Articles Tagged ‘Environment’

  • Canada Post workers fight for a fairer, greener future

    Environment

    Canada Post could become the hub of a greener economy in our communities. The infrastructure exists and, combined with postal banking, Canada Post can once again become a powerhouse for community connections. The vision of Delivering Community Power is limited only by a lack of political will and the stubborn opposition of the Harper holdouts currently running the show at Canada Post.

  • Rafe Mair to Justin Trudeau: BC is not yours to give away

    Canadian Politics

    We’ve seen how your lot cares about BC. When we hear soothing words from industry and the federal government about how they will treat our assets with care and respect, we think of our sacred salmon, which has been at the mercy of industry and the federal government – a government flooding our waters with diseased foreign fish to this day – ever since Confederation.

  • Energy producers have an obligation to improve environmental reporting

    Environment

    Public demand for further consideration of environmental concerns from energy producers and transmitters will only continue to grow. Hydroelectricity has major social and environmental advantages as a renewable energy source, but the industry is not meeting modern standards of corporate social responsibility as far as clearly reporting the planning and monitoring procedures to the public.

  • Maude Barlow: Government Neglect, Corporate Abuse, and Canada’s Water Crisis

    Environment

    Council of Canadians Chair Maude Barlow discusses her latest book, Boiling Point: Government Neglect, Corporate Abuse, and Canada’s Water Crisis with Paul Moist at McNally Robinson Booksellers. Barlow is one of the world’s foremost water activists and she has been on the front lines of the world’s water crises for the past 20 years.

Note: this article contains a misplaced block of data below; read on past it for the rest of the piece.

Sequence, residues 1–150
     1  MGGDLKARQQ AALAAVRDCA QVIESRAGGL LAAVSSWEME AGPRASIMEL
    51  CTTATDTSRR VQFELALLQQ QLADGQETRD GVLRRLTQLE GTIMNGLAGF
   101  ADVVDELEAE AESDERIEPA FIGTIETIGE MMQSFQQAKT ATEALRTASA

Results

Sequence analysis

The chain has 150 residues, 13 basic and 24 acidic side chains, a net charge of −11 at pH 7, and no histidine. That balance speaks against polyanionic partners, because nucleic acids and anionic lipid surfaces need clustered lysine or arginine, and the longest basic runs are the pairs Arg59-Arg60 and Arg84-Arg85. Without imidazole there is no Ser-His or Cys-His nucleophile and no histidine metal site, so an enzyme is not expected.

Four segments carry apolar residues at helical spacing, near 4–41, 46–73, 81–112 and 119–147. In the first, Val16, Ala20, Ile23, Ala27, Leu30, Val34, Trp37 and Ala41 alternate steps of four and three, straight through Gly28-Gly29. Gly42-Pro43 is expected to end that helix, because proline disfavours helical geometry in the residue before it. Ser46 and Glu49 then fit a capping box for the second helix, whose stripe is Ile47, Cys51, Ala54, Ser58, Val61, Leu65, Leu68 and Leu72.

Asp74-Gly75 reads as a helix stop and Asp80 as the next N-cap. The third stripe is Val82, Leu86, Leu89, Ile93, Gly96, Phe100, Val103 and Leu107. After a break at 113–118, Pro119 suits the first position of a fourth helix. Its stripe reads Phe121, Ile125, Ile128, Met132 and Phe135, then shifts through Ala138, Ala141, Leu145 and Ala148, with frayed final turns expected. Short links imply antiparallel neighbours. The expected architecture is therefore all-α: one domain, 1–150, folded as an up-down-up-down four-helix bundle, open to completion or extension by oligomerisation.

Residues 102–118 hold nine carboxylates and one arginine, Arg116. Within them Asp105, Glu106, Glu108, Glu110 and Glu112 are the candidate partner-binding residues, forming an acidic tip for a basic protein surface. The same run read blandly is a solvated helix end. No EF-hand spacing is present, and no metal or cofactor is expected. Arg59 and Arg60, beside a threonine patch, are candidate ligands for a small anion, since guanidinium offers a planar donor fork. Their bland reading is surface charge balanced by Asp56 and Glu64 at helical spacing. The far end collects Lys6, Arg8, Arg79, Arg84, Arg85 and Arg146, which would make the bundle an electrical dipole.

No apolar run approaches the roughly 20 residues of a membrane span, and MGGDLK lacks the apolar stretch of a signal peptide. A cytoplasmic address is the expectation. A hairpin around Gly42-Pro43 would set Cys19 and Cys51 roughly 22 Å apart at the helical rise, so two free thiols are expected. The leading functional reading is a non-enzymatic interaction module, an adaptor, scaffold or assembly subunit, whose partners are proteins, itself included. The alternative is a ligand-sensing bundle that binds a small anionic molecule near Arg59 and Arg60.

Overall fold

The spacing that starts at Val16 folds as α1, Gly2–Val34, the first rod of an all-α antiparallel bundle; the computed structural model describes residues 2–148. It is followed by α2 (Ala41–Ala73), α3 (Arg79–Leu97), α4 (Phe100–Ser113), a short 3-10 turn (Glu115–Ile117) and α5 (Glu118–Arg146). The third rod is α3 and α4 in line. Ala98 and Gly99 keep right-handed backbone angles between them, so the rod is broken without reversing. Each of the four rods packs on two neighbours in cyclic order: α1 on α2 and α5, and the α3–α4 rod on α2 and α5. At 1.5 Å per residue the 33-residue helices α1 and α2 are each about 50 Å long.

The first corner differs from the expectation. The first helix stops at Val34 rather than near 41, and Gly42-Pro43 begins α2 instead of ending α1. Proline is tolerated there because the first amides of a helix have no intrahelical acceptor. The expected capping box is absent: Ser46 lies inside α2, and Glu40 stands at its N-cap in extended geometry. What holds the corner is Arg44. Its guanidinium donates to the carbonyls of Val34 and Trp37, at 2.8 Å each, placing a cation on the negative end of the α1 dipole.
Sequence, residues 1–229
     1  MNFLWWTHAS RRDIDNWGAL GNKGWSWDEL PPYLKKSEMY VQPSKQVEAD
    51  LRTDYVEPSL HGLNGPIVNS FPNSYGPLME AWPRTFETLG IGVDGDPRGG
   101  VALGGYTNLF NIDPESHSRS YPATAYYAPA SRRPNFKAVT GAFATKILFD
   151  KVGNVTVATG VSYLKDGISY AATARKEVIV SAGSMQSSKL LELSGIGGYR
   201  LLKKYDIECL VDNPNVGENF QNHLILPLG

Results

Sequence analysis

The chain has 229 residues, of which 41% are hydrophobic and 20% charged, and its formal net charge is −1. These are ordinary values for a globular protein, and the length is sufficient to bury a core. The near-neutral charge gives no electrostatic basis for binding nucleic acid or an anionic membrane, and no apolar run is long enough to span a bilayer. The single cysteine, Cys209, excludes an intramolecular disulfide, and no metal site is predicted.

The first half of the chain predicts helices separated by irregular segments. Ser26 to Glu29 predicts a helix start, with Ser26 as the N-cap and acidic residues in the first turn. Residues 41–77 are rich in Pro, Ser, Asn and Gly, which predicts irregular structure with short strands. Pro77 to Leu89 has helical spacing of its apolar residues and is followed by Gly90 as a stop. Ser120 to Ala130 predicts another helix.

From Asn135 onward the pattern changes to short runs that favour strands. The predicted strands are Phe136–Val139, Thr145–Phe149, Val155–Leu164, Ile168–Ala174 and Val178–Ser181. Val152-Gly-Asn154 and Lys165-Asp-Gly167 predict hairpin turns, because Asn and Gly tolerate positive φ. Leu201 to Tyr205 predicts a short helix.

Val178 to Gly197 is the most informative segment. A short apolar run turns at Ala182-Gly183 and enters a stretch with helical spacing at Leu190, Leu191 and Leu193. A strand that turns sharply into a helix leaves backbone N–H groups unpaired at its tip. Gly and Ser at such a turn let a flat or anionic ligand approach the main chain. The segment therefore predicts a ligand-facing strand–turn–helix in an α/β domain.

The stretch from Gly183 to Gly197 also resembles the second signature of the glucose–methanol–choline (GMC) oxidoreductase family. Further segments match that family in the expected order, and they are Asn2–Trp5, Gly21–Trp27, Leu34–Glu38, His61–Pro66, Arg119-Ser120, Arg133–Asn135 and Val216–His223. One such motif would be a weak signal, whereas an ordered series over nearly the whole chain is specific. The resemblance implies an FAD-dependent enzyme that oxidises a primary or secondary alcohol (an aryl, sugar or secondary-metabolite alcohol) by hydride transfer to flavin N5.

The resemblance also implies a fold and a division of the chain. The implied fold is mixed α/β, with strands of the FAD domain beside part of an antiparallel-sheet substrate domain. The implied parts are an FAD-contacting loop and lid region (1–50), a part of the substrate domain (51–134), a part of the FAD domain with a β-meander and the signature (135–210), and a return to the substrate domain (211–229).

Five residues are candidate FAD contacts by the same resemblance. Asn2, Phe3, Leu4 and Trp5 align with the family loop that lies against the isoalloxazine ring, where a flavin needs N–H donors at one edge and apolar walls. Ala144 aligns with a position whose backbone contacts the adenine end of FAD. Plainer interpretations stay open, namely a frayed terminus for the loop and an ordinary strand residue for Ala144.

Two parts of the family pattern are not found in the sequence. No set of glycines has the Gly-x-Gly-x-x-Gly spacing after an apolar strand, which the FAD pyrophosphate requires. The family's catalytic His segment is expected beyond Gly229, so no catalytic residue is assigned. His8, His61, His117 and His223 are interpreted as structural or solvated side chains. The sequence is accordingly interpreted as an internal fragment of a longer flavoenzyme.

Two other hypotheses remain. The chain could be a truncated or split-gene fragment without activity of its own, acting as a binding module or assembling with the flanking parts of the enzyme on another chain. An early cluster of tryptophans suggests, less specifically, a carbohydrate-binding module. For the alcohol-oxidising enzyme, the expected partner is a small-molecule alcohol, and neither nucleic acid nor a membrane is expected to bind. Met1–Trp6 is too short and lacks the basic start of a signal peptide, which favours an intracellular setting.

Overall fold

• Extinguishing the Fire: Fort Mac, Climate Change, and Preventing 2ºC

    Environment

    The fire which began in northern Alberta on May 1 grew to become one of the most devastating disasters in Canadian history, forcing the evacuation of over 80,000 people and destroying approximately 2,400 structures in the city of Fort McMurray. The fire was one of two tragedies: the first was the destruction endured by the residents of Fort Mac, the second was the coverage of the fire by the national media.

  • The Arctic Voyage of the Crystal Serenity

    Environment

    Environmentalists, characterized by the captain as those with “big doctorates who criticize everything,” denounced the voyage. One referred to it as “extinction tourism,” since Arctic wildlife species are at imminent risk of disappearance. Others noted the ominous implications for the future of one of the last pristine environments left on the planet.

  • ​Recalculating the Climate Math

    Environment

    That’s right: If we’re serious about preventing catastrophic warming, the new study shows, we can’t dig any new coal mines, drill any new fields, build any more pipelines. Not a single one. We’re done expanding the fossil fuel frontier. Our only hope is a swift, managed decline in the production of all carbon-based energy from the fields we’ve already put in production.

  • Standing Up At Standing Rock

    Environment

    Some 1,000 Native American activists from the Standing Rock Indian Reservation and across the country faced off against police and security forces protecting the construction of the Dakota Access pipeline project. Dozens of people have been arrested and assaulted by police while attempting to stop the project, and many more continue to risk arrest to protest the pipeline.

  • Iceland: Exemplary Nation in a Troubled World

    Europe

    In my book, America’s Oldest Professions: Warring and Spying I coined the term “sadtistics” as a summary for America’s mostly negative standings on those dimensions. For this article I am coining another term, “gladtistics,” as a summary of Iceland’s positive standings. What follows is a very brief side by side summary of the two nations’ standings.

  • Rather than fearing the Leap Manifesto, let’s bring on the debate

    Environment

    The transition off carbon could be less painful, since, with proper investment, a green technology future promises to be, in the words of NDP elder statesman Stephen Lewis, “the greatest job creation program on earth.” It’s time we considered the possibility that saving the planet is as important as placating a bunch of New York bondholders.

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